The Local Food Report


with Elspeth Hay and Ali Berlow

The Local Food Report can be heard every Thursday morning at 8:45am and afternoon at 5:45pm, and Saturday morning at 9:35.

An avid locavore, Elspeth Hay lives in Wellfleet and writes a blog about food, Diary of a Locavore. Elspeth is constantly exploring the Cape, Islands, and South Coast and all our farmer's markets to find out what's good, what's growing and what to do with it.

Ali Berlow lives on Martha's Vineyard and is the author of "The Food Activist Handbook; Big & Small Things You Can Do to Help Provide Fresh, Healthy Food for Your Community." Foreword by Alice Randall, Storey Publishing. You can reach her at her website,

The Local Food Report is produced by Jay Allison and Viki Merrick of Atlantic Public Media.

The Local Food Report is made possible by the support of the Local Food Chain.

Elspeth Hay

Ben Chung is obsessed with garlic. He lives in East Orleans with his wife, six kids, and uncle, and he works as a dentist. But when he’s not cleaning teeth, he’s outside working in his garden, where he grows over fifty kinds of garlic.

Ali Berlow

The elderberry has long been used in the kitchen as well as in the medicine cabinet. Dried elderberries give all year round in taste; the many things you can cook them with and for their health benefits. Ali Berlow speaks with Holly Bellebuono, an herbalist, educator and author, living in West Tisbury.

Elspeth Hay

Now that it's fall, local beekeepers need to prepare their hives for colder weather. This week on The Local Food Report, Elspeth Hay looks into a Wellfleet beehive and learns about the massacre of drones (a good thing), mouse incursions (bad thing), and how to tell if the queen is healthy.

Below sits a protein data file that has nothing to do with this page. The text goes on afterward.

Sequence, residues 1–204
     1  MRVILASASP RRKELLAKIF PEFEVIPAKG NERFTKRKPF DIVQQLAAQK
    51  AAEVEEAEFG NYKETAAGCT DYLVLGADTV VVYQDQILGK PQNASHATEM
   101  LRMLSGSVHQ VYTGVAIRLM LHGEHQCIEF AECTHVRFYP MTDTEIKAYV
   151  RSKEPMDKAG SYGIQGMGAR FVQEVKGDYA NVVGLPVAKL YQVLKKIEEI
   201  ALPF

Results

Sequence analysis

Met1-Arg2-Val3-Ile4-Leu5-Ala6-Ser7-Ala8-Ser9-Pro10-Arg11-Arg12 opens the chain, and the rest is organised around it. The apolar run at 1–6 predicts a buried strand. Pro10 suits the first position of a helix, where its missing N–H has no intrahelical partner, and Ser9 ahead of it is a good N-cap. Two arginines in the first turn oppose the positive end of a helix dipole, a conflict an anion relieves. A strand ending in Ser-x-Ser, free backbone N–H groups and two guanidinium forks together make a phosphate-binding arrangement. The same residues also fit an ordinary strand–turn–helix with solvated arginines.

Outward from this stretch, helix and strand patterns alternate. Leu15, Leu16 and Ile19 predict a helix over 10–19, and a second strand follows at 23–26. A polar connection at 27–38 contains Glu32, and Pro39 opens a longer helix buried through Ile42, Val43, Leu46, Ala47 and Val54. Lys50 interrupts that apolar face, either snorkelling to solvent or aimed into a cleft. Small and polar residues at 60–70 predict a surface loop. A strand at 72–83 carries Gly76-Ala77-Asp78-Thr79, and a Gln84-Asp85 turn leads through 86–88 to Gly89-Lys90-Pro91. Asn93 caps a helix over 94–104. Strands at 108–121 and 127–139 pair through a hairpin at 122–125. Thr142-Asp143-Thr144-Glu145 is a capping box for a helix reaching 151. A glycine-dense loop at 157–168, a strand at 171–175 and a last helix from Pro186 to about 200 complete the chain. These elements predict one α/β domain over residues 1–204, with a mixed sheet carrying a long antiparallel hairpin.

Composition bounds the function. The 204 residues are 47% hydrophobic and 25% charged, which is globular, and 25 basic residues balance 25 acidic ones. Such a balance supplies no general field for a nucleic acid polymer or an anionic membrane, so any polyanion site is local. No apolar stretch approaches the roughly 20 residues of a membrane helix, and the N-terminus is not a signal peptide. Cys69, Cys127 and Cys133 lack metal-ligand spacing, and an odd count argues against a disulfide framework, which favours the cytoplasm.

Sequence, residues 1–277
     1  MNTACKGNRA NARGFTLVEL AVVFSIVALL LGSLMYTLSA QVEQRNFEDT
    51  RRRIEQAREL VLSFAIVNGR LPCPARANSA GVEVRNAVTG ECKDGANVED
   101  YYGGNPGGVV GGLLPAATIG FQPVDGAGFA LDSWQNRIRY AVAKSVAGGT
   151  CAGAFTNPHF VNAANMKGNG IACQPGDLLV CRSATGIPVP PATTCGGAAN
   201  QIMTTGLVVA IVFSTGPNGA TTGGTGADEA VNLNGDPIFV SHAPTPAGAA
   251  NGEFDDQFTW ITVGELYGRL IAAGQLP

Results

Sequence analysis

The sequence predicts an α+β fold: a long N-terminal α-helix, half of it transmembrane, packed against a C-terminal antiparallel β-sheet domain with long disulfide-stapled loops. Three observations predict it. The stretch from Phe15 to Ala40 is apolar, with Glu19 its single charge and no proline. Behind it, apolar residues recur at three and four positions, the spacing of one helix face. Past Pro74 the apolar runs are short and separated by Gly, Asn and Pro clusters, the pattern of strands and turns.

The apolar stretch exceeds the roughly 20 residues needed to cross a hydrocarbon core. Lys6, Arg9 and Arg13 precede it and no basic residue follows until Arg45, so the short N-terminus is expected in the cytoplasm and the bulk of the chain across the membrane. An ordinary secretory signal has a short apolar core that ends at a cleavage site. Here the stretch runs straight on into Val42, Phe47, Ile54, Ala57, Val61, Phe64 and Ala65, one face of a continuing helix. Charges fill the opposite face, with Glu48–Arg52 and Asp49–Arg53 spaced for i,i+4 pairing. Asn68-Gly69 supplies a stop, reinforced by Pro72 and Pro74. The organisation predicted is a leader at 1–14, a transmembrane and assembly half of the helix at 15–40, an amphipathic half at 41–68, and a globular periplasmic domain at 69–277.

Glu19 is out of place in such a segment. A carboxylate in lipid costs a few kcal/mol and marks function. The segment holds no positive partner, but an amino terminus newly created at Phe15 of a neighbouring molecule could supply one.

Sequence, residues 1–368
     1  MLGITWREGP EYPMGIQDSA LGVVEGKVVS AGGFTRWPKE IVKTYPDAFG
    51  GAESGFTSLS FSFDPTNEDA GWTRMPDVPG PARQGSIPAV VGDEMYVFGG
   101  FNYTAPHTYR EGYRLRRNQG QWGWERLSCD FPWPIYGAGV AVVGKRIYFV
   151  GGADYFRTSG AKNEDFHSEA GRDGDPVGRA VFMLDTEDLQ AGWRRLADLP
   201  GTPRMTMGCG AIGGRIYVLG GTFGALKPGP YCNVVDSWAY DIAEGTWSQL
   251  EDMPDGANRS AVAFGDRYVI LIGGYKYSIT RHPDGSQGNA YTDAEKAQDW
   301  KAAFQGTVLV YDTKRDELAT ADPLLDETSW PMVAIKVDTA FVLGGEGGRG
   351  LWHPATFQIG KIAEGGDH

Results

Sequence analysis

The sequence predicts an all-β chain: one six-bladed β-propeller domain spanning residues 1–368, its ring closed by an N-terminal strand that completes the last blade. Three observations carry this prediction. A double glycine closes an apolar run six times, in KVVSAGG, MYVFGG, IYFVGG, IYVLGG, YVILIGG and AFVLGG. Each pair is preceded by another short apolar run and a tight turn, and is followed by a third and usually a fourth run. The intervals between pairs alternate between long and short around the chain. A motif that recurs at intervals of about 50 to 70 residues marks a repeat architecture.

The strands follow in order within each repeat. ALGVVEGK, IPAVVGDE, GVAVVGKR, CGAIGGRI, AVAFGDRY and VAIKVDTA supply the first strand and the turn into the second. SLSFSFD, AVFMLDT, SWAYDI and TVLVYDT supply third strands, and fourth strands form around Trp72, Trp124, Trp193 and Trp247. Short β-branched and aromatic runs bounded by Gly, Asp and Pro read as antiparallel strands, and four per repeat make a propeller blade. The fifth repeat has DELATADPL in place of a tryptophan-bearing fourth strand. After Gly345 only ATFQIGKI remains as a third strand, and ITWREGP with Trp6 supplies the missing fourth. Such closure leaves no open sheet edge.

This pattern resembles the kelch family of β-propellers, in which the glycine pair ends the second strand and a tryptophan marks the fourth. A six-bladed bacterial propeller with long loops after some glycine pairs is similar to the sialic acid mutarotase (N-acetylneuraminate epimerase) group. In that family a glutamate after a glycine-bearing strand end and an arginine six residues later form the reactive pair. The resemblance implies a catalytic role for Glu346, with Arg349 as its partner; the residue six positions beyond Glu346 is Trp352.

Elspeth Hay

Chestnuts are common snack food in Europe—you find them roasting on every street corner in the fall. But in the U.S., they're rare. This week on the Local Food Report, Elspeth talks with Falmouth farmer Carrie Richter about her own locally grown chestnuts.

Find out more about chestnuts and many ways to prepare them, along with information about the American Chestnut Society, at Elspeth's blog, Diary of a Locavore.

Plum Nutty

Sep 29, 2016
Elspeth Hay

Today, I'd like to let my grandmother do the storytelling. A while back, when she moved into an assisted living apartment, she stopped cooking. 

Elspeth Hay

Dave Dewitt has a hard time describing the taste of the leafy Japanese herb called shiso.

“I have no description,”  he said, “because there’s no reference point in my dietary world that tastes like this.”

Elspeth Hay

Have you ever heard of a Damson plum? They’re a small subspecies of plum with a long history and a droopy, oblong shape. And according to jam makers Anna and Tyler Keyes of Orleans, they’re worth seeking out.

Russian Blues on the cutting board. Their color is truly astonishing.
Ali Berlow

Blue is the color of my summer. It is expansive like the sea and the sky. Royal like a queen. It is round like a blueberry, ocean-salty like blue fish. Blue is also the color of the free lollipop I take from the bank. Blue is Blue Moon ice cream and popsicles from my childhood. Their flavor was (I don’t know)… it was just blue.

Elspeth Hay

Local gardens are overflowing with green beans this time of year. Most are short and snappy. But Victoria Pecoraro is growing two unusual varieties—Orient Wonder and Red Noodle—both of which measure over a foot long! This week on the Local Food Report, Elspeth Hay talks with her about how she started growing these Asian yard-long beans and how she likes to eat them.

Did you know that you can make white wine out of red grapes? I had no idea until I was at the farmers' market in Falmouth, talking with Will Becker of Westport Rivers Winery. 

Here's a list of some of the grapes grown by local vineyards—there are seven within the 30 miles from Newport to New Bedford, not to mention one in Truro and one in northeastern Connecticut!—also, a little bit about where they come from, and more about the history of the French grape varietals Will Becker mentioned.